Refreshing and zesty with an aromatic goat flavour.
Made in south Cumbria with milk from a small herd of 200 goats of the ancient Golden Guernsey breed. The milk is used fresh on the farm every day by Nicola and Martin to produce a lactic fresh goats’ cheese with velvety-smooth mouthfeel reminiscent of the very best French Loire goats’ cheeses.
As the cheese ages over several weeks the wrinkly rind breaks down the texture and adds an aromatic goat flavour.
Made by Nicola Robinson and Martin Gott at Holker Farm, in Cartmel, Cumbria, England.
More about this
Ingot takes its name from three sources – 1. the shape is a like a gold ingot, 2. Martin’s surname is Gott and finally 3. as a nod to Innes cheese, (this cheese was developed from the ‘Innes Brick’ recipe when it ceased being made). The goats (and cheese moulds!) originally came from Innes Cheese, who were at the forefront of the revolution in British goats cheese-making, starting in 1987 with the famous Innes Button.
The coronavirus pandemic caused many farmhouse cheese-makers to struggle to sell cheese to their normal markets. The Staffordshire-based makers of the brilliant Innes goats’ cheese decided enough was enough and it was time to retire. Martin and Nicola jumped at the chance to take on their herd of goats and move them up to Cumbria. The herd had been bred along the rare Golden Guernsey breed for 30 years, specifically to produce fabulously rich and good quality raw milk – perfect for cheese-making – and would suit Martin and Nicola’s move towards a more sustainable extensive farming system by feeding off the land (Martin and Nicola use a non-intensive method of farming: their animals graze the rich fields of the Holker Estate Farm and are only milked once a day, making for a less-stressed animal and better-quality milk).
Overnight they had to develop a cheese to go alongside their sheep’s milk cheeses. Their first development was Holbrook, a hard goats’ cheese because of the pandemic, hard cheeses being more stable, and thus not as time-sensitive.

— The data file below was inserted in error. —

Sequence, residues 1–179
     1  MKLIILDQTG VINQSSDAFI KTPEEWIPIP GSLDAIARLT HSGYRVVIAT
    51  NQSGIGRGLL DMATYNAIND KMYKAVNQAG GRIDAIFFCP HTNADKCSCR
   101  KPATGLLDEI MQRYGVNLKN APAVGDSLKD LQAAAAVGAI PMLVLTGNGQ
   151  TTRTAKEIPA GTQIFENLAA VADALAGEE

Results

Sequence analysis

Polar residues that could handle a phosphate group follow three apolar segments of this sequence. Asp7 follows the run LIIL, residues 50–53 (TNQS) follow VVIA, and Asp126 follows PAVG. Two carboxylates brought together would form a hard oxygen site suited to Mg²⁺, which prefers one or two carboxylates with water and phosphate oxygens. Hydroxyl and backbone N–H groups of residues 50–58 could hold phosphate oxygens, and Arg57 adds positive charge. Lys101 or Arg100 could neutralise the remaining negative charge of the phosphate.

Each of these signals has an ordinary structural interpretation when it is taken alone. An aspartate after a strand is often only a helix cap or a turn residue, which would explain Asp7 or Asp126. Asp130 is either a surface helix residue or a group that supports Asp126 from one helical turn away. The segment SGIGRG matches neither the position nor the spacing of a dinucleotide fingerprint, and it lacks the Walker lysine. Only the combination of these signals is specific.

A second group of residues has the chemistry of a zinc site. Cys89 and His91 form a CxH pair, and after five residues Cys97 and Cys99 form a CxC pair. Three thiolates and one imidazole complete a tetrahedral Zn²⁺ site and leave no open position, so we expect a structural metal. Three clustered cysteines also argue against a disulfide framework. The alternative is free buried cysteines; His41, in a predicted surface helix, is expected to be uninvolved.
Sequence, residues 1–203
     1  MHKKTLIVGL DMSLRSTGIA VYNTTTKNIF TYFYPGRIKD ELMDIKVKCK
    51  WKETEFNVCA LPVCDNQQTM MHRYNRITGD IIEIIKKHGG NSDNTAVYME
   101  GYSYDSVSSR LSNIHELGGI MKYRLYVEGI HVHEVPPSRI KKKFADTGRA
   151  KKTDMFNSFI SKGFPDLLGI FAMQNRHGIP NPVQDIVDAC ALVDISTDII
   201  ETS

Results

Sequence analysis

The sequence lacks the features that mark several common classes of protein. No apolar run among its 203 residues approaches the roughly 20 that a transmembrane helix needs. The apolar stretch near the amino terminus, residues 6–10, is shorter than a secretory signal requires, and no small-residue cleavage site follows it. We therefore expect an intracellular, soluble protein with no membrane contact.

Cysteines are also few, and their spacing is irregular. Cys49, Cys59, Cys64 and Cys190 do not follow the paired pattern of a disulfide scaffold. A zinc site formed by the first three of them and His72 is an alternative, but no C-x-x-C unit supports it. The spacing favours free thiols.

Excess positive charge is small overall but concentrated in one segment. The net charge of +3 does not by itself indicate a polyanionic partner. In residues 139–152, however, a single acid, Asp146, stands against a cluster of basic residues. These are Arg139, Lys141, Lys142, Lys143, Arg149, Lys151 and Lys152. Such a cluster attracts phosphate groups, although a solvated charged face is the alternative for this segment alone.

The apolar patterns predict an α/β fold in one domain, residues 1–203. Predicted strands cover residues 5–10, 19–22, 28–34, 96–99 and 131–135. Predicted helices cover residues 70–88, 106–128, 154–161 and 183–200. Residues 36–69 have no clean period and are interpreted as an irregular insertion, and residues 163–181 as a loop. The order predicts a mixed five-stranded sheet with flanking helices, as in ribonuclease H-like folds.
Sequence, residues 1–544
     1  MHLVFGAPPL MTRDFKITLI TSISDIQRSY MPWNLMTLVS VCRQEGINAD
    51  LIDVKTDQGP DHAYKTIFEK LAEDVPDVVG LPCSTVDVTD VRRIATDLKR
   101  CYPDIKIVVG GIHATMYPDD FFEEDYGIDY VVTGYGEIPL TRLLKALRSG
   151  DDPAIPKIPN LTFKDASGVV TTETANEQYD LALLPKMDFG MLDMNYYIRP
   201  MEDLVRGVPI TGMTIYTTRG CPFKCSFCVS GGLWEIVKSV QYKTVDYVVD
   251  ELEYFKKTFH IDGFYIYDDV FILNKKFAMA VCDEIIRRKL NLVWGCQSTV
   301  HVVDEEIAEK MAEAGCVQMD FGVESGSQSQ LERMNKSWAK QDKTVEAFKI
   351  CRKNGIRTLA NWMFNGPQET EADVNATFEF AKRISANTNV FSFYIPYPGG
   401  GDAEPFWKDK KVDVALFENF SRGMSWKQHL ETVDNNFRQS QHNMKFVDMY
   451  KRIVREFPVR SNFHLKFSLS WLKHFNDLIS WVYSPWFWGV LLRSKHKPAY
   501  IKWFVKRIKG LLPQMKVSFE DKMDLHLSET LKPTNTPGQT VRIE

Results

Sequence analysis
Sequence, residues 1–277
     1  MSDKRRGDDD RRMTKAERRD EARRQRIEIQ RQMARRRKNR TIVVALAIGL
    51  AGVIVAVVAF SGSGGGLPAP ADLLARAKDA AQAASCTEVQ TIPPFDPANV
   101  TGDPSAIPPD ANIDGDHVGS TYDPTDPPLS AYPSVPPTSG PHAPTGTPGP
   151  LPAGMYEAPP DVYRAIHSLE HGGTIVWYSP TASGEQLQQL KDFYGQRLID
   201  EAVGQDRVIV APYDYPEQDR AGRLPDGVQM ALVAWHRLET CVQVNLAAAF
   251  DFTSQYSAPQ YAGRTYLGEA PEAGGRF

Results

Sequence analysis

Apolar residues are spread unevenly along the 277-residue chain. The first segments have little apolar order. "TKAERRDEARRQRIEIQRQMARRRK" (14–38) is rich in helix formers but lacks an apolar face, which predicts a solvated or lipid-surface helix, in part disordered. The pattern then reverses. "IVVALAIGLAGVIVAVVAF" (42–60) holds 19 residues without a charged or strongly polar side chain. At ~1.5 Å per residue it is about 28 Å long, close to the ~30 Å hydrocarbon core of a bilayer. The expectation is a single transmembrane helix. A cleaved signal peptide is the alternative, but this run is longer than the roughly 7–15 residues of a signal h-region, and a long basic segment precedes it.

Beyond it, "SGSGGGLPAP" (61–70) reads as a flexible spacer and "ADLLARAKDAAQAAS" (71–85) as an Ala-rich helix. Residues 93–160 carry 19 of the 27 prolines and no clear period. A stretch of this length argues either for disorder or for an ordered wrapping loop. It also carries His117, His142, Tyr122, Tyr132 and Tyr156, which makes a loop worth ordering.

As the cheese-market started to recover when restaurants started to reopen in spring 2021, they started to use the goats’ milk to make softer, richer goats’ cheese – as Martin says, “the reason we bought the goats was to make cheese like this”.
Ingot is based on typical French ‘lactic’ cheeses commonly found in the Loire valley. Using home-made ‘natural’ cheese cultures from soured milk (to truly capture their ‘terroir’), Martin sets the milk gently overnight. The curds are then delicately hand-ladled into brick shaped moulds. Hand-ladling and drainage in these moulds gives this lactic cheese a mousse-like texture. The cheeses is then aged for two weeks to form a paper-thin wrinkly yeast rind, with occasional natural blue and white spots (all edible); this further breaks it down to give it a richer herbaceous goaty flavour. At three weeks old it is ready to be enjoyed.
The rind of this cheese can vary because of seasonal variation and will occasionally show blue/white/green fluffy spots. All are completely edible and natural. For more details you can read about natural cheese rinds here.
Nutritional Data (typical values, per 100g):
Fat 30.2g (of which saturates 16.96g)
Carbohydrates 4.8g (of which sugars 1.6g)
Weight: 1 x 190g cheese.
This product will have two weeks’ shelf life from the date of delivery. Conveniently, at checkout you can choose a delivery date well in the future if you would like your cheese delivering for a specific event.
Ingredients: Milk, salt, cheese cultures and rennet.